Several years ago I discovered a blossoming vine growing all over a cactus in my yard. I pulled it all off, but it has since spread to walls and attached to my lantana. On a recent hike, I saw the same vine growing on a saguaro. It has a faint onion smell, is a little sticky and grows quickly. What is this plant, and what should I do?
Your vine is commonly known as climbing milkweed (Funastrum cynanchoides). It is native to the Mojave and Sonoran deserts and can be found from California to Texas, often in dry areas. Like other milkweeds, it has a milky sap. It flowers throughout the spring and summer and attracts butterflies such as monarchs. While climbing milkweed is sometimes seen as a nuisance, it doesn’t appear to harm other plants. Remove it if it bothers you, or let it grow, enjoy the butterflies that are drawn to it and clean it up when you prune your shrubs.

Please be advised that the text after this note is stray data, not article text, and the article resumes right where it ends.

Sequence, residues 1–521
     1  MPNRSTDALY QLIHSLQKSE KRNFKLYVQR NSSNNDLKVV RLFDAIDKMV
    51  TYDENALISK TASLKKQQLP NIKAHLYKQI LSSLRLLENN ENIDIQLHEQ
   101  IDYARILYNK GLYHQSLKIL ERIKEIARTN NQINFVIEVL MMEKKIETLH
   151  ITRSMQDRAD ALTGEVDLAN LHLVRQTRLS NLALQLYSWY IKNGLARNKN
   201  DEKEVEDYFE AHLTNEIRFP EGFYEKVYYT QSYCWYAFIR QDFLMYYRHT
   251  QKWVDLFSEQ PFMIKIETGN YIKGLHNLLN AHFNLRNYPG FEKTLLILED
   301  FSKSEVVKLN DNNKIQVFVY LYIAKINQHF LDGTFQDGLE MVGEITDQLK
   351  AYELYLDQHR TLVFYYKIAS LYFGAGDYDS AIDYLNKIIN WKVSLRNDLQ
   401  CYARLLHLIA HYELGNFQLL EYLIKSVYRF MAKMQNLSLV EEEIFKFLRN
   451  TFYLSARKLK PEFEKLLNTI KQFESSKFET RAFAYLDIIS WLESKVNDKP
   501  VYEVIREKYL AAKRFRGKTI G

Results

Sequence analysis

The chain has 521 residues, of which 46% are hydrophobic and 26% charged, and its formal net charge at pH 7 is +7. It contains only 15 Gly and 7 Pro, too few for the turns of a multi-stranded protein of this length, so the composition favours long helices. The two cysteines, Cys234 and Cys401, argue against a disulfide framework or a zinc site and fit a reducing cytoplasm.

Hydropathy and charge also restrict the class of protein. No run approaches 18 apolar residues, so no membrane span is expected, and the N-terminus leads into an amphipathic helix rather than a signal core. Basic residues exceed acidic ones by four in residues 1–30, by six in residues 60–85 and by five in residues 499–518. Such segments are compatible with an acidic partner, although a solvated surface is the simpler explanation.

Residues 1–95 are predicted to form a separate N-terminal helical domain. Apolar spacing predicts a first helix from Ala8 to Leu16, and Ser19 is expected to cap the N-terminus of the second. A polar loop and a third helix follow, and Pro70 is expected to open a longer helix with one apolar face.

One of my prickly pears became riddled with black splotches. I suspect the problem is caused by a fungus. If so,  will treating the soil with a fungicide eliminate the problem?
Lesions on prickly pear may be caused by several pests or conditions, but the most common is known as Phyllosticta pad spot, or dry rot, which is very common in our area.  Because it is endemic to the desert, no amount of fungicide would be effective. Phyllosticta spreads by releasing spores that are transported by rain and wind. The best prevention is keeping your plants healthy by planting them in the right place and keeping them appropriately watered and fertilized. Research shows that healthy organisms are less susceptible to pests. In some cases, insects are drawn to plants that are suffering from environmental stress because the plants give off chemical cues. Severely infected pads or plants should be removed from your landscape.